Kim Widger, PhD, is Associate Professor and Tier 2 Canada Research Chair in Pediatric Palliative Care at the Lawrence S. Bloomberg Faculty of Nursing, University of Toronto and Nursing Research Associate at the Hospital for Sick Children and Co-Chair of the all-day seminar, "Rethinking the "care" in Pediatric Palliative Care", Oct.19, 2022 at the McGill International Palliative Care Congress.
Kimberley Widger is on a mission. “Every child diagnosed with a life-threatening condition should receive optimal palliative care throughout their illness,” says the Associate Professor and Tier 2 Canada Research Chair in Pediatric Palliative Care at the Lawrence S. Bloomberg Faculty of Nursing, University of Toronto and Nursing Research Associate at the Hospital for Sick Children.
Given that only 18% of Canadian children who could benefit from palliative care actually receive it, she has her work cut out for her. Her research program is entitled Pathways to Enhanced Pediatric Palliative Care., and, as she points out, one of the key challenges for healthcare professionals working in the field is to identify children in need of palliative care at an earlier stage of illness. Early intervention is critical to helping children, parents and siblings cope with life-threatening conditions. “Our role is to coach and guide families throughout the illness in what to expect, how to deal with grief, fears, and anxiety, and to identify their goals so that the care provided is in keeping with their wishes.” notes Professor Widger.
Pediatric palliative care focuses on alleviating the physical, social, psychological, and spiritual suffering experienced by children and families while promoting quality of life, fostering family connections, and sustaining hope despite the possibility of death. This family-centered approach involves shared decision-making as well as sensitivity to the family’s cultural and spiritual values, beliefs, and practices.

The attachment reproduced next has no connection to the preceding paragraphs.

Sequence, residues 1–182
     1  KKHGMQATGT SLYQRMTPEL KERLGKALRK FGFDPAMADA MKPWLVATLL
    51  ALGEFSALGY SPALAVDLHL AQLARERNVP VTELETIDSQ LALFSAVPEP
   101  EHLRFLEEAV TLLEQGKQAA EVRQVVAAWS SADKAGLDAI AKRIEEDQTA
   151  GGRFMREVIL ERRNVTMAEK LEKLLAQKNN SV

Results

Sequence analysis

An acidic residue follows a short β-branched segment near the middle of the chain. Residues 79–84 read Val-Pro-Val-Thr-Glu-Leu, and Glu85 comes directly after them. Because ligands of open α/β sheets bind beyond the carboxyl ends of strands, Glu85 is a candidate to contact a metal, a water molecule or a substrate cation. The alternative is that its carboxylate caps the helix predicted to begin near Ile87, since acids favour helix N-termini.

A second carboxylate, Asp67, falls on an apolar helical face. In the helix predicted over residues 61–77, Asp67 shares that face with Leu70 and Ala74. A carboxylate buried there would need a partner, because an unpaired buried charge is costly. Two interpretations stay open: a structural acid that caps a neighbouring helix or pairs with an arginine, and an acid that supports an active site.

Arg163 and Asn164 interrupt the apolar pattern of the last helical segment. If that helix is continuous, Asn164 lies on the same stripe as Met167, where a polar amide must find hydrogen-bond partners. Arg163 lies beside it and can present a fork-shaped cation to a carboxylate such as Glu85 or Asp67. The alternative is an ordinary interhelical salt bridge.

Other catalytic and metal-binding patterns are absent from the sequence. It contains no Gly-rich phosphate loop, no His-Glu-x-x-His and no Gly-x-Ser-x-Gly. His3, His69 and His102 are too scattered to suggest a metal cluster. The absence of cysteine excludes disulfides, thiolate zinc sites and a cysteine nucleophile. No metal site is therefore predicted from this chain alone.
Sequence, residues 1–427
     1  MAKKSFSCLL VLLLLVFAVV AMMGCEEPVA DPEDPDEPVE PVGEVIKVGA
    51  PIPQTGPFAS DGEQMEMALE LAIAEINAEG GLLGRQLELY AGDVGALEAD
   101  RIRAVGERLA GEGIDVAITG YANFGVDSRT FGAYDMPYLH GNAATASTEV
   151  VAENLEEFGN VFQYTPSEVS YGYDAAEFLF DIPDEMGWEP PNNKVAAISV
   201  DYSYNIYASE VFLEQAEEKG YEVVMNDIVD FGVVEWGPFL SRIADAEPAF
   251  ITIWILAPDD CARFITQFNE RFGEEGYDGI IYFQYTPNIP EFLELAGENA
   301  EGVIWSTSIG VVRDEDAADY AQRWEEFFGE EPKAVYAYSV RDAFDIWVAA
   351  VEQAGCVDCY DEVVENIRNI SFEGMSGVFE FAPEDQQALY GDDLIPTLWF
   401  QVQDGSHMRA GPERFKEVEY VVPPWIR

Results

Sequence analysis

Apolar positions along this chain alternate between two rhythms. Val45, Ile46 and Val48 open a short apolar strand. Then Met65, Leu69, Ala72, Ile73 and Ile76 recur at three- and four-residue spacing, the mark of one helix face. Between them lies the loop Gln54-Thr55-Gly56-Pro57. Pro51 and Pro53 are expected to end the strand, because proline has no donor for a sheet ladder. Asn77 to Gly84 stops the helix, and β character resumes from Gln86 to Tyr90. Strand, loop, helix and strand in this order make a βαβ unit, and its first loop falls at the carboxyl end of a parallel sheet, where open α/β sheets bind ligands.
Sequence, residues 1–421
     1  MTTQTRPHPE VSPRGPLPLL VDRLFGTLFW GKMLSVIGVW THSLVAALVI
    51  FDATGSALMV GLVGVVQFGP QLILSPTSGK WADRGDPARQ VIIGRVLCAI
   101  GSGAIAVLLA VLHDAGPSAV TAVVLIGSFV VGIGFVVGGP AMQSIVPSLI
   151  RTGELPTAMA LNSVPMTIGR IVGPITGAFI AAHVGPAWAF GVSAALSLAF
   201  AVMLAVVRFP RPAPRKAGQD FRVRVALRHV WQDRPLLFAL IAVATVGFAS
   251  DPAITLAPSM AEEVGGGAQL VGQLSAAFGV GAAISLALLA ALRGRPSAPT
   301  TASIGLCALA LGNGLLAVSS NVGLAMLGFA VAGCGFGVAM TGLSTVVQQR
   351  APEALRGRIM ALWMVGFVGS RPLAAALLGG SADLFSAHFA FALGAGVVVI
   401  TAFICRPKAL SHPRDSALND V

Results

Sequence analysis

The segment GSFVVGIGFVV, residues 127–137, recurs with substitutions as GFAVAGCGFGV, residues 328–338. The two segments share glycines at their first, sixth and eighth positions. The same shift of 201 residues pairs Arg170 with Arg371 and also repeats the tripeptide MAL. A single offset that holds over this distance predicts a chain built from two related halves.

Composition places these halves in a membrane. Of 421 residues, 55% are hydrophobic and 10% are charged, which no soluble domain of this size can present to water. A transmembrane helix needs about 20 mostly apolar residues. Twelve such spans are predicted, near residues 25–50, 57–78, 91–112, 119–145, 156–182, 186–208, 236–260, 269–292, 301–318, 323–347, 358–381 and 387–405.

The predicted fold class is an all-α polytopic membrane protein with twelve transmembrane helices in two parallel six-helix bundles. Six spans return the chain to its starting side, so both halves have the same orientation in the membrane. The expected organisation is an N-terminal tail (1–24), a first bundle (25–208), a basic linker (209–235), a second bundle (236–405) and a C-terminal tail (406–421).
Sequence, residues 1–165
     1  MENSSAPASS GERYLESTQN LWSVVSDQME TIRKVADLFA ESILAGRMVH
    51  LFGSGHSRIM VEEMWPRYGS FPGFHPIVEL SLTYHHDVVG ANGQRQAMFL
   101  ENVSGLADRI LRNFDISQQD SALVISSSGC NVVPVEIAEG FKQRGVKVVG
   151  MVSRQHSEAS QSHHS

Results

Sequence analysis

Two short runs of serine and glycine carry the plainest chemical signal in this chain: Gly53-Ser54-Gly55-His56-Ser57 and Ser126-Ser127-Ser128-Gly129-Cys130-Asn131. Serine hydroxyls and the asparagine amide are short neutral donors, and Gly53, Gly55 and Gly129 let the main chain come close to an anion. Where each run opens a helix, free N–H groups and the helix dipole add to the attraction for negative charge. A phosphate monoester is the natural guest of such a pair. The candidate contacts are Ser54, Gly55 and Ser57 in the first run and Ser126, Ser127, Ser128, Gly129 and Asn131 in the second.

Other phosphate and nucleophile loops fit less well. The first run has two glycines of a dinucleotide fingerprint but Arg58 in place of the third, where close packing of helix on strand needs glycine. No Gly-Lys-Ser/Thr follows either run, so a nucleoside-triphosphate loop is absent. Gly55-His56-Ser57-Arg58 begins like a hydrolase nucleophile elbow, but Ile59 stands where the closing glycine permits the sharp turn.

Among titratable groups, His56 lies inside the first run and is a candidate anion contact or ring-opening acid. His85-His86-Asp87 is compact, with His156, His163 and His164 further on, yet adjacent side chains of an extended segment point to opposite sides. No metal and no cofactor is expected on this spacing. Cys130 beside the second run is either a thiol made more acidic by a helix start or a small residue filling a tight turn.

While all forms of palliative care focus on symptom management, pain control and defining goals of care, end-of-life care for the pediatric population must consider the developmental stage of the ill child. For example, adolescence is a time for establishing an identity separate from parents, with peer groups taking on greater importance. Thus, palliative care for an adolescent may have a greater focus on actively involving them in making decisions about care, honoring their wishes, and supporting connections with their peers. In contrast, with infants and very young children, the burden of decision-making falls on the parents and the child will have support needs specific to their developmental stage. For example, Professor Widger recalls caring for an infant whose family took their newborn into the hospital’s play garden so that she could have the experience of being in the fresh air and sunshine while her sister played beside her before she passed away. “There is so much we can do to help families make the best of a tragic situation,” she insists.
As a member of the Executive Committee for the upcoming International Palliative Care Congress in Montreal, October 18-21, 2022, Professor Widger believes that the congress is an important forum for moving the field of palliative care forward. “The Congress brings together people from all over the world to share their approaches and interventions. It gives us the opportunity to hear firsthand about research and other projects that we might want to replicate in our own corner of the world,” she explains.
To that end, Professor Widger is excited about the pediatric palliative care program she and anthropologist Mary Ellen MacDonald have put together for the first day of the Congress. Presenters include Dr. Richard Hain, from the Children’s Hospital for Wales, who will speak on Pediatric Palliative Care: What’s the Difference? Another session entitled Caring Communications will feature Dr. Pam Hinds, a nurse researcher from Children's National Medical Center in Washington. Other sessions will focus on Innovations in Care and Caring for Ourselves and Each Other, highlighting the importance of self-care for professionals involved in this sometimes heartbreaking yet always necessary work.
Ultimately, concludes Professor Widger, “We can’t keep children and families from suffering, but we can keep them from suffering for the wrong reasons. The congress allows us to share ideas and best practices so we can try to alleviate rather than add to a family’s suffering.”